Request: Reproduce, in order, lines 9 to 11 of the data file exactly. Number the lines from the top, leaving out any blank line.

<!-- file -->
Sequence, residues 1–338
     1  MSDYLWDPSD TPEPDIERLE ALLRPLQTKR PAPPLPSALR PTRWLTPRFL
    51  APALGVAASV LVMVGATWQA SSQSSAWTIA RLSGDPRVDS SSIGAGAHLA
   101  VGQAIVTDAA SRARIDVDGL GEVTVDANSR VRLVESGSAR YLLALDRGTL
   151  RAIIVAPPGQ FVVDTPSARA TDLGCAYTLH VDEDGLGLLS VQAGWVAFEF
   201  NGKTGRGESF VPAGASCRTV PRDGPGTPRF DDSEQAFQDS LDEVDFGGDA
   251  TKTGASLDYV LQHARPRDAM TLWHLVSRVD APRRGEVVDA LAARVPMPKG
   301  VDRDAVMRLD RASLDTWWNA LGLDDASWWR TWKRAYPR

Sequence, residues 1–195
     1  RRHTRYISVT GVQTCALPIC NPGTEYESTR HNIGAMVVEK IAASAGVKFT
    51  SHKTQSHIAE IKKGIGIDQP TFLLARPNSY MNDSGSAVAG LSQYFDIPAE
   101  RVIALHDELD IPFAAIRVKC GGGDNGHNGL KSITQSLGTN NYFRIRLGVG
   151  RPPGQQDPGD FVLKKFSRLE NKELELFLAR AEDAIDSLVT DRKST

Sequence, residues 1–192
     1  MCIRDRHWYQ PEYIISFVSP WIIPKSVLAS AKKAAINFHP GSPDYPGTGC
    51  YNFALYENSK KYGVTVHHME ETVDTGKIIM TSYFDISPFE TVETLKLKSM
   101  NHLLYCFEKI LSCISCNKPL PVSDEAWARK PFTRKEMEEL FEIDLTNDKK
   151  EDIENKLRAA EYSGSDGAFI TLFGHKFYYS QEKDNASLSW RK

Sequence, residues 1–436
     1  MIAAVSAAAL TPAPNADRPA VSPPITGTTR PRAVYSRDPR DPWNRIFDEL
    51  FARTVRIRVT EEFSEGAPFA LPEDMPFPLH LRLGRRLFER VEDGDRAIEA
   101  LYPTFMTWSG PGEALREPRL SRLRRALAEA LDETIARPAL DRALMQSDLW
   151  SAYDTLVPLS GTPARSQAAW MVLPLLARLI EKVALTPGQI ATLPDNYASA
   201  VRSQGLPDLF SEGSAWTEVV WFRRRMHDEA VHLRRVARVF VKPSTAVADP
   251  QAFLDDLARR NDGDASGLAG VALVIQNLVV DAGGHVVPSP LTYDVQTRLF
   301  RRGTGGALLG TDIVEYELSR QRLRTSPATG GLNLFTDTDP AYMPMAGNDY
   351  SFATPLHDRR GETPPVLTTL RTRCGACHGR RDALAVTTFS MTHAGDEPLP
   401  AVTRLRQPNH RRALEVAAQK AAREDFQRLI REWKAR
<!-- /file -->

Sequence, residues 1–195
     1  RRHTRYISVT GVQTCALPIC NPGTEYESTR HNIGAMVVEK IAASAGVKFT
    51  SHKTQSHIAE IKKGIGIDQP TFLLARPNSY MNDSGSAVAG LSQYFDIPAE